From early January to early February, more than 1,200 Marines participating in the 2nd Marine Aircraft Wing's Ullr Shield exercise accessed training venues across Fort McCoy and experienced some of the coldest weather Wisconsin could throw at them.

The Marines trained at areas such as the Combined Arms Collective Training Facility (CACTF), Young Air Assault Strip, Sparta-Fort McCoy Airport, Leadership Reaction Course, Confidence Course, Improved Tactical Training Base Freedom, numerous live-fire ranges, and more. And during all the time they trained, temperatures dipped as low as minus-15 degrees and snow fell on several different days.

"Their successful training here once again validates Fort McCoy's joint national training center capability," said Training Coordination Branch Chief Craig Meeusen with the Directorate of Plans, Training, Mobilization and Security (DPTMS).

The 2nd Marine Aircraft Wing (MAW), headquartered at Marine Corps Air Station (MCAS) Cherry Point, N.C., began coordination to hold the cold-weather training at Fort McCoy in September 2017, Meeusen said. Now that the exercise is wrapping up, he said it appears they achieved many of their training goals.

"This has been the largest Marine Corps winter training exercise that we've had in years, and it has been a great cooperative training effort by everyone involved," Meeusen said.

One of the biggest training events that took place involved the training held with the Marine Corps aircraft of the 2nd MAW, such as the VMM-266 Osprey, UH-1Y Venom helicopter, and CH-53E Super Stallion helicopter.

On Jan. 19, VMM-266 Osprey aircraft and aircrews from the 2nd MAW's Marine Medium Tiltrotor Squadron-266 held a familiarization flight over Fort McCoy and conducted live-fire tail gunnery training.

In a released video made by Staff Sgt. Kowshon Ye of the 2nd MAW Public Affairs team, Capt. George Carpenter with Marine Medium Tiltrotor Squadron-266 explained that tail gunnery is one of the core mission-essential tasks for an Osprey and that training in the cold and snow presented some extra challenges.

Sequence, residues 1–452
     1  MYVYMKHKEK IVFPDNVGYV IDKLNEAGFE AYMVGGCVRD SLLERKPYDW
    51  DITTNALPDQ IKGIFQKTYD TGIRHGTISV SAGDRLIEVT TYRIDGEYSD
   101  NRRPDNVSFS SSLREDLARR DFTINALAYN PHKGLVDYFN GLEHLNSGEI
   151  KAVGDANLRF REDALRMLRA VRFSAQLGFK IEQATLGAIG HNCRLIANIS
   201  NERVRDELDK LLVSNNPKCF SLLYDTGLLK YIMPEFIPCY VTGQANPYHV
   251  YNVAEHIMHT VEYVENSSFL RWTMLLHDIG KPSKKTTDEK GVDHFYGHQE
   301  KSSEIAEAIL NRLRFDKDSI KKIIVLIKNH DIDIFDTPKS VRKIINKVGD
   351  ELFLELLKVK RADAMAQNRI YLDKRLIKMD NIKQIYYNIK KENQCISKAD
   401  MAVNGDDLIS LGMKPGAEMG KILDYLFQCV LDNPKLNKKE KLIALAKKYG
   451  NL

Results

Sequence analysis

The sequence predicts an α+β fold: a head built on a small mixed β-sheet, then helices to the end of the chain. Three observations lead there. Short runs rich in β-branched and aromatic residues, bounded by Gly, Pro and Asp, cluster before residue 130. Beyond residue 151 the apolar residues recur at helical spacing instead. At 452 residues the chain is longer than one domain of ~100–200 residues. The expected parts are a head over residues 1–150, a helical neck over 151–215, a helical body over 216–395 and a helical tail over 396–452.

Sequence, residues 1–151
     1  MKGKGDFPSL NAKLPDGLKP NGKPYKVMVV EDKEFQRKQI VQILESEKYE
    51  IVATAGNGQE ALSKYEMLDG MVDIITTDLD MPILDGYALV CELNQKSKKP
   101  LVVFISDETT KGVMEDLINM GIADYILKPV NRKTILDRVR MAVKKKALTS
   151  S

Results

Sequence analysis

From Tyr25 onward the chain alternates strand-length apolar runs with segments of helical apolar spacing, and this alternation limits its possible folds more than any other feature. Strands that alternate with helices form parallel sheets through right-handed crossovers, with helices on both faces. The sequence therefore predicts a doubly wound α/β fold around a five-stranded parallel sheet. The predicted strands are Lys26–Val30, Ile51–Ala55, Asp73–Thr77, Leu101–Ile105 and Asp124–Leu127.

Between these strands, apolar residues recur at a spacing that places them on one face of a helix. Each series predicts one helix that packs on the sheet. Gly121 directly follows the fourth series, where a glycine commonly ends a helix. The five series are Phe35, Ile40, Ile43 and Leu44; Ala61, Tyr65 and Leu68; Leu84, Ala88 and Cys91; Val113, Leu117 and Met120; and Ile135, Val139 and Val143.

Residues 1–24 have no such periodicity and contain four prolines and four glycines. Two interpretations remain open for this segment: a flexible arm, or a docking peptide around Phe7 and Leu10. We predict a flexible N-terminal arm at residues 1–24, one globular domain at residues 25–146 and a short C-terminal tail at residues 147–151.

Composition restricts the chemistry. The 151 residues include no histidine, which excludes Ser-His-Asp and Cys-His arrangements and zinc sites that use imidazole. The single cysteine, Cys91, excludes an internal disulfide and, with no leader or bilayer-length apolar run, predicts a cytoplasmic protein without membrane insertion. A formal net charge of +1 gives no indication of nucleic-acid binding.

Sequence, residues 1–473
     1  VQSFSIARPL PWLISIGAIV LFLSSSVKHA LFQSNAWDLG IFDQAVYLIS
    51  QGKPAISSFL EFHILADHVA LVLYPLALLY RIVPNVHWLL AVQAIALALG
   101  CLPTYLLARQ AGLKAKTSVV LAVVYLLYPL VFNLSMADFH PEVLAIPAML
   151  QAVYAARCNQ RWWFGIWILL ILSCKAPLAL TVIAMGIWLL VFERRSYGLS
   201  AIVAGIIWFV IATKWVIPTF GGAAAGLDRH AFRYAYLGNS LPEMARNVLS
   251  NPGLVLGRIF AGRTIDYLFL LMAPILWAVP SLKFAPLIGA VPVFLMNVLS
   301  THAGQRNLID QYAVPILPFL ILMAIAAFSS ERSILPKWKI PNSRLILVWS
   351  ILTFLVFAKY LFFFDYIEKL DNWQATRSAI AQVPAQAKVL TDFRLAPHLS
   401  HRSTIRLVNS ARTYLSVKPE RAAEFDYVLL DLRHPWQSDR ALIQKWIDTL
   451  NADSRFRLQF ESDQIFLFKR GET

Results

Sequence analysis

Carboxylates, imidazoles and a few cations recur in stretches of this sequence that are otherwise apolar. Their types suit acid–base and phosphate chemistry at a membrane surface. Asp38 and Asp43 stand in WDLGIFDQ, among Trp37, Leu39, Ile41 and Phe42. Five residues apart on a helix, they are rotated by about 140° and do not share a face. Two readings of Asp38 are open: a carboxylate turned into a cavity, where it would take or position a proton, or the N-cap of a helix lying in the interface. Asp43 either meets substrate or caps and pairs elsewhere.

"The snow kind of brings its own dangers in the environment," Carpenter said. "For example, there's no contrast between the ground and the snow you are blowing up so a whiteout situation is a lot more difficult to land in."

Marines with the 2nd MAW's Marine Air Control Group (MACG) 28 also challenged themselves to a frigid workout Jan. 19 by conducting training at the Confidence Course on the Fort McCoy cantonment area. Ye captured the training in another video and in it, Capt. Keff Brown, an officer with MACG 28, said it was a challenging event for them.

"The confidence course helps Marines build confidence by going over high obstacles," Brown said in the video. "It takes a little bit of endurance and mobility. ... The snow and ice did not impede them at all. ... The camaraderie, teamwork, and leadership (of the Marines) all showed through (as well)."

Cpl. Joseph Betts with Marine Tactical Air Command Squadron 28 was also featured in Ye's Confidence Course video. The Marine described his experience.

"There is snow and ice, so you have to be careful everywhere," Betts said. "You have to use your head more when going over those obstacles so you don't slip and fall. We pushed each other to see who could go through the quickest. And we looked out for each other (for safety) because that's what Marines do."

The Marines also conducted a chemical, biological, radiological, and nuclear defense drill and urban operations training at the CACTF. At Range 2 and at many other live-fire ranges, the Marines trained on the M2 .50-caliber machine, the M4 rifle, and more.

They also practiced carrying rucksacks while snowshoeing and skiing, and dozens also practiced cold-water immersion training in the icy waters of Big Sandy Lake on South Post.

Capt. Andrew Fabre with MACG 28 participated in the Cold-Weather Operations Course (CWOC) at Fort McCoy in December and came back in January for Ullr Shield. He said Fort McCoy is a great place for the cold-weather training they wanted to accomplish.

"Fort McCoy is a top-notch training facility and base," Fabre said. "Our mission cannot be completed without our Marines operating at a high level. (The CWOC and other cold-weather) training allows us to prepare for any environment with cold extremes, which also allows us to remain focused on the threat and the mission instead of the environment."

Fort McCoy has supported America's armed forces since 1909. The post's varied terrain, state-of-the-art ranges, new as well as renovated facilities, and extensive support infrastructure combine to provide military personnel with an environment in which to develop and sustain the skills necessary for mission success.

Today, Fort McCoy has become the Army's premier Total Force Training Center for Army Early Response Force early deployers to meet the Army's operational demand requirements. Learn more about Fort McCoy online at, on Facebook by searching "ftmccoy," and on Twitter by searching "usagmccoy."